skip to main content
Hillary Clinton Emerges From Impeachment With High Favorable Rating

Hillary Clinton Emerges From Impeachment With High Favorable Rating


Hillary Clinton, now reportedly considering the race for U.S. Senate in New York, is held in higher esteem by Americans than her husband is, which is a significant change from earlier this year, and from previous years of the Clinton administration. Although the views of the national population are not directly relevant to her possible bid for a New York senate seat, they do reflect the fact that she has managed, in general, to maintain a very positive image in the midst of the political impeachment crisis that has diminished the personal ratings of her husband this past year.

Both Hillary and Bill Clinton started 1998 with favorability ratings that were roughly similar. In a poll taken in late January 1998 after the Monica Lewinsky crisis became public and immediately after Bill Clinton's successful State of the Union address, the President's favorability rating was 65%, while the First Lady's was 64%. The significant shift came in August and into September of this past year, as details of the Lewinsky testimony and the Starr report became public. Bill Clinton's favorable numbers dropped, while Hillary Clinton's rating among the public stayed constant, creating a gap between the two–in her favor. By mid-September, for example, Bill Clinton received a 51% favorable rating, while Hillary's was 61%. In the most recent Gallup poll, conducted February 4-8, 1999, Hillary Clinton's favorable rating is at 66% while Bill Clinton's is 11% points lower, at 55%.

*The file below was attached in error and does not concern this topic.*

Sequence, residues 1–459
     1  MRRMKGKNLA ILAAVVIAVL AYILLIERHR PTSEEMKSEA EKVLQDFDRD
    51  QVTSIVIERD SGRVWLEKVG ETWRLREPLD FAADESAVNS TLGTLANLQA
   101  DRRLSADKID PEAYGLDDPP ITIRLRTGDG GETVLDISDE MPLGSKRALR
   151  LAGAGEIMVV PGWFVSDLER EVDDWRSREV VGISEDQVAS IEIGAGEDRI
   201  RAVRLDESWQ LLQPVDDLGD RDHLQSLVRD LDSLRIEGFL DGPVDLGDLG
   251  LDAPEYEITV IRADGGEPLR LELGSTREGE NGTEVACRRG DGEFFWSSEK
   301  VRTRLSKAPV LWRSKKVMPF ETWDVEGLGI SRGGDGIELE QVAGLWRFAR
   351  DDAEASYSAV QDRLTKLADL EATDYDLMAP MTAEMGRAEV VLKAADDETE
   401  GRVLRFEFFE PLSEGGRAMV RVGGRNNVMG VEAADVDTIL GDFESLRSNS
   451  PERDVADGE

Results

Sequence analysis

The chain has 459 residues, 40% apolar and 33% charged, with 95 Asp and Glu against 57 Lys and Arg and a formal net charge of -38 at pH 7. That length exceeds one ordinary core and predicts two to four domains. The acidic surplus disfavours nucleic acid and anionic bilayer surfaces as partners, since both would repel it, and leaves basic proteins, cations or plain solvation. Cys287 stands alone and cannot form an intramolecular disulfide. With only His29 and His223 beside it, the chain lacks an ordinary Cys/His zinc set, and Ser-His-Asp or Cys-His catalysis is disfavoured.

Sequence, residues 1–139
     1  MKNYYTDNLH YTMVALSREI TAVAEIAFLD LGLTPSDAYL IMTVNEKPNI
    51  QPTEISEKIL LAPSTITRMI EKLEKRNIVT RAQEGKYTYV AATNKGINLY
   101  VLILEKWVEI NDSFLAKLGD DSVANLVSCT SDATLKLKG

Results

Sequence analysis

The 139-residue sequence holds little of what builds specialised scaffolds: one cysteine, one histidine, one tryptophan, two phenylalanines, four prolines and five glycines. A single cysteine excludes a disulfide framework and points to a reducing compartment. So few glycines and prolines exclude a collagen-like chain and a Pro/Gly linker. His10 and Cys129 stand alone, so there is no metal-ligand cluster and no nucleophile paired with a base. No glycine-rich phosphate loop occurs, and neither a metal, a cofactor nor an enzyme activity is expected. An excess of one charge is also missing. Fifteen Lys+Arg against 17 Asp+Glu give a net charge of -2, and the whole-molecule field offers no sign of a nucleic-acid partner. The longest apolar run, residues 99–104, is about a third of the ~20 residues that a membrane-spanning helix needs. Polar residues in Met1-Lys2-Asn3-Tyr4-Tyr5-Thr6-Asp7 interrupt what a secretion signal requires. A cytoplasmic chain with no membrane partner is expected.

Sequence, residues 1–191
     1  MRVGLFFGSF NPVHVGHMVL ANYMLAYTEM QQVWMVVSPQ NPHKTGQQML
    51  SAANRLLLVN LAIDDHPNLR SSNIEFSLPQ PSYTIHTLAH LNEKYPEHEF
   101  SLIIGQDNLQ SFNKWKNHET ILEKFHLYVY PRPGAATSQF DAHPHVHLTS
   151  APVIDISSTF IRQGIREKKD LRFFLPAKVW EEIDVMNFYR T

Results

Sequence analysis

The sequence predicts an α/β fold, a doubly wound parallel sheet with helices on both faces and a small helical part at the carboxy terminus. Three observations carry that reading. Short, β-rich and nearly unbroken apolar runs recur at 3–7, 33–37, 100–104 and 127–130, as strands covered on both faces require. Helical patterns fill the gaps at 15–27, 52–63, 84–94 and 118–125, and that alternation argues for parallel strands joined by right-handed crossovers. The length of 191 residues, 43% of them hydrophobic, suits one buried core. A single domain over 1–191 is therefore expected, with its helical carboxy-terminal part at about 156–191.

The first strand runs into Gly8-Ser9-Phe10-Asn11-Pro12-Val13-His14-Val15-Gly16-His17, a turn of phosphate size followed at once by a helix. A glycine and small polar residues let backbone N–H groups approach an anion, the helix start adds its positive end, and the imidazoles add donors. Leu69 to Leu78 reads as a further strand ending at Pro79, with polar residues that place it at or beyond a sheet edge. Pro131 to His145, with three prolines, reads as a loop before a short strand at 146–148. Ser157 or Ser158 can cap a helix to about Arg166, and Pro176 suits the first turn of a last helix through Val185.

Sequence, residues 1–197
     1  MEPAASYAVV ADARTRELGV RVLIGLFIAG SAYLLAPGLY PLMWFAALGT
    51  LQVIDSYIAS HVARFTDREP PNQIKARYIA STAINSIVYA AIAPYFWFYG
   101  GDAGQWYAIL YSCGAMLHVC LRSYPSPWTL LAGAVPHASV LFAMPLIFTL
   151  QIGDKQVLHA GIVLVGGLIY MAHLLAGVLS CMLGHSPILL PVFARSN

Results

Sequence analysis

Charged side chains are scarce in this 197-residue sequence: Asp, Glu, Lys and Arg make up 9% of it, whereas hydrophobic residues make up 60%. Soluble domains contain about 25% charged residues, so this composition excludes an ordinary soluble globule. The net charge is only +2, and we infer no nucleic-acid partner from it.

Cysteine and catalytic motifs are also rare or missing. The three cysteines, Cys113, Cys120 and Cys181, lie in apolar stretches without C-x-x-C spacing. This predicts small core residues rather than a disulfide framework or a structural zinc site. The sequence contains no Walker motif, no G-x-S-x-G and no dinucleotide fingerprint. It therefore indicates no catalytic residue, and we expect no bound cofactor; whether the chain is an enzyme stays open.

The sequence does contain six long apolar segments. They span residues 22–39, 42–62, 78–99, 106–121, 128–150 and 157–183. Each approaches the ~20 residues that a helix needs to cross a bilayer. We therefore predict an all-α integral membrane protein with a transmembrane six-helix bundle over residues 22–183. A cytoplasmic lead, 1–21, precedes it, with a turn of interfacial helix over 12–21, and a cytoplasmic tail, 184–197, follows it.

In previous years, particularly in 1996, Hillary Clinton received significantly lower favorability ratings than did her husband. At one point in January 1996, for example, Bill Clinton had a 54% favorable rating while Hillary received a 43%.

Who likes and who dislikes Hillary Clinton? As we would expect, Democrats are strongly positive towards the First Lady, giving her a 90% favorable rating, while Republicans are much more negative, with only 29% of those who identify themselves as Republicans saying they have a favorable opinion of her. Hillary Clinton gets a higher favorable rating among women than she does among men–71% to 60%. Other subgroups within the American population that have the highest favorable ratings for Hillary Clinton are traditional Democratic constituencies, including minorities and those who identify themselves as liberals.

Gallup World Headquarters, 901 F Street, Washington, D.C., 20001, U.S.A
+1 202.715.3030